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The issues of wetland conservation and policy

Therefore, coastal wetlands include saltwater marshes, estuaries, mangroves, lagoons and coral reefs. This section focuses on more general issues around EBA in coastal wetlands.

The issues of wetland conservation and policy

Where restoration is the only option, it needs to consider the hydrology of the local environment. Coastal wetlands such as mangroves rely on a balance of salt and freshwater.

  • Mapping the locations of different habitats and human activities can help in understanding these relationships;
  • They are cradles of biological diversity, providing water and primary productivity upon which countless species of plants and animals depend for survival;
  • The NWCP had a set of ambitious goals, including;
  • For example, seagrasses can help trap sediment and thus maintain clear water that coral reefs need and reduce the chances of sediment smothering coral reefs.

Therefore inland restoration of freshwater sources, including through approaches such as integrated water resource management IWRM and ridge-to-reef, can be key to the success of coastal management and restoration.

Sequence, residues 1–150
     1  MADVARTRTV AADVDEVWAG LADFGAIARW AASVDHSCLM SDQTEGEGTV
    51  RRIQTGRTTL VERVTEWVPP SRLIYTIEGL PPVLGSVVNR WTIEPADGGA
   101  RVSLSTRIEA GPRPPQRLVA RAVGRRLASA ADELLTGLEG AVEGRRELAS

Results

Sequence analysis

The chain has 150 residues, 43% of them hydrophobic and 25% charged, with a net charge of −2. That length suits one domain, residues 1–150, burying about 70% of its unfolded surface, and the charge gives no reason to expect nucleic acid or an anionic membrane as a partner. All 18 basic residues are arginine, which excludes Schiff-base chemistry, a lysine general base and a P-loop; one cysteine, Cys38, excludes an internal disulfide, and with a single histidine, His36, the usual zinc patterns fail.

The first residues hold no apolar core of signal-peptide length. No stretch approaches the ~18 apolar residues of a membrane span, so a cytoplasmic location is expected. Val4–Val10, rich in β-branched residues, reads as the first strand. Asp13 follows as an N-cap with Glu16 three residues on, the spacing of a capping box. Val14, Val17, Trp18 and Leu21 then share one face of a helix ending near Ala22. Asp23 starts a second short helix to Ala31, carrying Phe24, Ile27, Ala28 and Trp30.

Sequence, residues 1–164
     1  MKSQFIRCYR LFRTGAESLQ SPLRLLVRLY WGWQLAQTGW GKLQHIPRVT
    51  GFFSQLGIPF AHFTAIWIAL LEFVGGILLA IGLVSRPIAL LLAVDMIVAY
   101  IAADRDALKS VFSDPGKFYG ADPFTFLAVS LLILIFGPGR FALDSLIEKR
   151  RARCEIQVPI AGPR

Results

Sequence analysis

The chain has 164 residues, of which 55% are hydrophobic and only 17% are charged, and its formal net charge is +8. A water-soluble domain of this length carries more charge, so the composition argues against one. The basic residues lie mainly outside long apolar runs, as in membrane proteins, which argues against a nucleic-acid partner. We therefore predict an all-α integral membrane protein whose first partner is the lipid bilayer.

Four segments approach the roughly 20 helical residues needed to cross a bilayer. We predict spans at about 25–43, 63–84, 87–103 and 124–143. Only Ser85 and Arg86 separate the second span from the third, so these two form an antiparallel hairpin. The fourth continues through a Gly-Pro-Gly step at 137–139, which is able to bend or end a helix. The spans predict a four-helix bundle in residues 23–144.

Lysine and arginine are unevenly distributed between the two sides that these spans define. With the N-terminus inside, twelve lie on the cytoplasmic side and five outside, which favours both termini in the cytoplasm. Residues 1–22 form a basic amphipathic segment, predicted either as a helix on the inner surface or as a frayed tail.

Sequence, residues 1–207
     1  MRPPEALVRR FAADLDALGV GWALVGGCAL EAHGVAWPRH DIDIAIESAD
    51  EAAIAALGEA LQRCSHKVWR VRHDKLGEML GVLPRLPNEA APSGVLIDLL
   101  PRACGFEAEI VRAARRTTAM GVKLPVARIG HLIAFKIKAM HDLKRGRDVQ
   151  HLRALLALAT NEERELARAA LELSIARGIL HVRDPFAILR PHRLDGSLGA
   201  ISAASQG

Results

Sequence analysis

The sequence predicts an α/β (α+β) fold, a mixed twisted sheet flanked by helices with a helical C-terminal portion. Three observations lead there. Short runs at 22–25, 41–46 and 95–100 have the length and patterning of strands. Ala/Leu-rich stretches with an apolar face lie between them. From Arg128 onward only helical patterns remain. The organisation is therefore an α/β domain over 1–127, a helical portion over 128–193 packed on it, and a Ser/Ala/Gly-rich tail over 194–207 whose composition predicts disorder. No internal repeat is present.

Another example of an on-site approach is the creation of plant nurseries to provide material for habitat restoration. There are many others and they will vary depending on the habitat type ref. Coastal wetland conservation and restoration as an EBA measure Wetlands have been widely recognised as providing a range of valuable ecosystem services ref.

This reduces the erosive power of waves and helps to reduce coastal flood risk by diminishing the height of storm surges. Additionally, in contrast to hard defences, wetlands are capable of keeping pace with sea level rise through increased accumulation of sediments raising the elevation of the wetland ref. Therefore, provided that the rate of sea level rise does not outpace accretion rates, sediment supply is sufficient and that wetlands are not hemmed in by inland the issues of wetland conservation and policy, they are capable of maintaining their wave attenuation functions as sea level rises without further investments.

Wetland restoration is relevant to another important climate change impact on coastal areas. Sea level rise leads to salt water intrusion and a likely rise in the freshwater-saltwater interface in ground water sources in coastal areas.

Coastal wetland conservation and restoration

Groundwater is the main source of fresh water for domestic, industrial and agricultural purposes for coastal communities especially in SIDS. Restoring inland wetlands can promote the flow of more fresh water from inland aquifers to recharge coastal aquifers and re-balance the freshwater saltwater interface.

Such measures need to be accompanied by effective ground water monitoring: Additional benefits Coastal wetlands also provide a variety of other ecosystem services, including breeding and nursery grounds for a variety of birds, fish, shellfish and mammals, as well as water filtration functions and ecotourism opportunities.

Wetland conservation